Like HowStuffWorks on Facebook!

What are the basics of male adolescence?


Adolescence is the stage of development that turns children into adults. Adolescence in boys usually begins around the age of 10, although occasionally it will be earlier, and in some cases later: Each child develops at his own rate, some more quickly and some more slowly. There is usually no need for concern unless puberty begins before age 8 or has not yet started by 15.

The following is a list of the changes that occur in boys' bodies in the usual order in which they appear. Once again, it is important to remember that each boy is different and there is a great deal of variety in the age at which these changes begin and end.

In general, the first physical change for boys is growth of the testicles. This generally starts around age 10 and may go unnoticed. Approximately a year later, the boy's penis will begin to grow longer, and in time it will thicken as well. There will be growth spurts as the boy becomes taller and wider. In many cases, the hands and feet grow before the rest of the body, leaving the boy "gangly" (and often clumsy). The shoulders begin to widen. Pubic hair starts growing just after 13 years of age. As the hormones take hold, boys of about 14 will begin to have erections and may have wet dreams. They start getting hairier; underarm and facial hair begins to be noticeable by 15. At approximately this stage, they will also begin to sweat more and may develop acne. Boys' voices change at this age, too; sometimes quite suddenly, sometimes going through a period of "breaking." They may develop an Adam's apple. Adolescent males usually reach their full height and complete physical development by age 18.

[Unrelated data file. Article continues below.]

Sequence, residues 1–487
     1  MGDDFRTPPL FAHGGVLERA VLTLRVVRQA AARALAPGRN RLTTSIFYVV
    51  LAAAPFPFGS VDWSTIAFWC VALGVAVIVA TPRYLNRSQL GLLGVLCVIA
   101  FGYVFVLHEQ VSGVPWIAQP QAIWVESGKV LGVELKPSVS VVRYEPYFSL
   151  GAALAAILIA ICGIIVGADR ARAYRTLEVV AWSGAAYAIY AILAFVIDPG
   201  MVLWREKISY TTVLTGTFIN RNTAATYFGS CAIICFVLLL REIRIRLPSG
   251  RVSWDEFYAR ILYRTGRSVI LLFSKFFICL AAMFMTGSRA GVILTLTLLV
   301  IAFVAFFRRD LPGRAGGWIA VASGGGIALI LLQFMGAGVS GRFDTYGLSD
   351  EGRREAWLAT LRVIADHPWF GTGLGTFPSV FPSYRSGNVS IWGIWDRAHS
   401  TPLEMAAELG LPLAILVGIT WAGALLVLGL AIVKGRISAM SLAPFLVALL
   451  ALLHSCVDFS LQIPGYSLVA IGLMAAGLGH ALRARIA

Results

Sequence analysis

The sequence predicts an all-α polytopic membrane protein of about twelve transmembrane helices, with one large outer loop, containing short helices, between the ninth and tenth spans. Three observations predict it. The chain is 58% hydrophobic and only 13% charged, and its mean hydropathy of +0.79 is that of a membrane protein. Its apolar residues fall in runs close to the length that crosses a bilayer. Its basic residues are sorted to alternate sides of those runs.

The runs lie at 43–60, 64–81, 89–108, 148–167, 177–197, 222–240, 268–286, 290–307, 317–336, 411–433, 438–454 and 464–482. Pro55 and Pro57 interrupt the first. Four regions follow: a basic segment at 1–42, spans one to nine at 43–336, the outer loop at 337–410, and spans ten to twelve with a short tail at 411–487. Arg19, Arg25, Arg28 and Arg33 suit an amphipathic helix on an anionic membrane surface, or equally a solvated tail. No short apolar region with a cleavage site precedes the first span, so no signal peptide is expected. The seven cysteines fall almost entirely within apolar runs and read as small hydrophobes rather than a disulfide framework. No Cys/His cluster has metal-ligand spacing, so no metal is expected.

During this time, psychological changes also take place, leading to more maturity and independence. Adolescents are more able to think abstractly, and they start to consider long-term consequences. Thinking about relationships and sex begins during this stage as their brains begin to catch up to the development of their bodies.

 

 

 


More to Explore